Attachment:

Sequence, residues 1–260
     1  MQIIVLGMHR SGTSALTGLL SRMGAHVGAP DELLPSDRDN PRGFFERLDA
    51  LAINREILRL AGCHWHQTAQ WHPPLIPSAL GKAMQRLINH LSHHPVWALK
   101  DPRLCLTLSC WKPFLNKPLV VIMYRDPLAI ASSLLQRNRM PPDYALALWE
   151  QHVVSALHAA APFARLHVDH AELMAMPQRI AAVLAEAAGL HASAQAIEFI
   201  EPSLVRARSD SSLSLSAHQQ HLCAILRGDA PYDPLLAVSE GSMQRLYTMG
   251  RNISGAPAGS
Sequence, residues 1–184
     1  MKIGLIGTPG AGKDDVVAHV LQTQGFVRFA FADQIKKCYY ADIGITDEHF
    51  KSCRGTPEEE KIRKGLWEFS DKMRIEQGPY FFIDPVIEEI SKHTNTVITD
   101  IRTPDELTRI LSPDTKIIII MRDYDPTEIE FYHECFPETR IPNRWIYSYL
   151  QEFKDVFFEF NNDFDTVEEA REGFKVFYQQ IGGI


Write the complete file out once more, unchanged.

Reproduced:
Sequence, residues 1–260
     1  MQIIVLGMHR SGTSALTGLL SRMGAHVGAP DELLPSDRDN PRGFFERLDA
    51  LAINREILRL AGCHWHQTAQ WHPPLIPSAL GKAMQRLINH LSHHPVWALK
   101  DPRLCLTLSC WKPFLNKPLV VIMYRDPLAI ASSLLQRNRM PPDYALALWE
   151  QHVVSALHAA APFARLHVDH AELMAMPQRI AAVLAEAAGL HASAQAIEFI
   201  EPSLVRARSD SSLSLSAHQQ HLCAILRGDA PYDPLLAVSE GSMQRLYTMG
   251  RNISGAPAGS
Sequence, residues 1–184
     1  MKIGLIGTPG AGKDDVVAHV LQTQGFVRFA FADQIKKCYY ADIGITDEHF
    51  KSCRGTPEEE KIRKGLWEFS DKMRIEQGPY FFIDPVIEEI SKHTNTVITD
   101  IRTPDELTRI LSPDTKIIII MRDYDPTEIE FYHECFPETR IPNRWIYSYL
   151  QEFKDVFFEF NNDFDTVEEA REGFKVFYQQ IGGI